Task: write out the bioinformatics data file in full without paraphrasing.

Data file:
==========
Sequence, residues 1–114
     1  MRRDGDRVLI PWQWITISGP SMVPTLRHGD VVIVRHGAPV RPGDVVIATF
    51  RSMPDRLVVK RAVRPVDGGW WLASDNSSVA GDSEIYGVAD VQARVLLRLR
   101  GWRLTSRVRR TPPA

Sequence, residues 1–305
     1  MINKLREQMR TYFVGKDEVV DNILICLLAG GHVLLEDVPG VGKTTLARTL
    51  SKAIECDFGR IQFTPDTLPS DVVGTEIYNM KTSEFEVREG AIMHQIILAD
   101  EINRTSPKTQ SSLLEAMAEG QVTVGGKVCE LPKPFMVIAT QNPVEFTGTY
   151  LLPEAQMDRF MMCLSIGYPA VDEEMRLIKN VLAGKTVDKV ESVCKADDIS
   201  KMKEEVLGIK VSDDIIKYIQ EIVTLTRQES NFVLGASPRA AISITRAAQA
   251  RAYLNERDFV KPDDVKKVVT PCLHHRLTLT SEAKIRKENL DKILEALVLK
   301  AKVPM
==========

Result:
Sequence, residues 1–114
     1  MRRDGDRVLI PWQWITISGP SMVPTLRHGD VVIVRHGAPV RPGDVVIATF
    51  RSMPDRLVVK RAVRPVDGGW WLASDNSSVA GDSEIYGVAD VQARVLLRLR
   101  GWRLTSRVRR TPPA

Sequence, residues 1–305
     1  MINKLREQMR TYFVGKDEVV DNILICLLAG GHVLLEDVPG VGKTTLARTL
    51  SKAIECDFGR IQFTPDTLPS DVVGTEIYNM KTSEFEVREG AIMHQIILAD
   101  EINRTSPKTQ SSLLEAMAEG QVTVGGKVCE LPKPFMVIAT QNPVEFTGTY
   151  LLPEAQMDRF MMCLSIGYPA VDEEMRLIKN VLAGKTVDKV ESVCKADDIS
   201  KMKEEVLGIK VSDDIIKYIQ EIVTLTRQES NFVLGASPRA AISITRAAQA
   251  RAYLNERDFV KPDDVKKVVT PCLHHRLTLT SEAKIRKENL DKILEALVLK
   301  AKVPM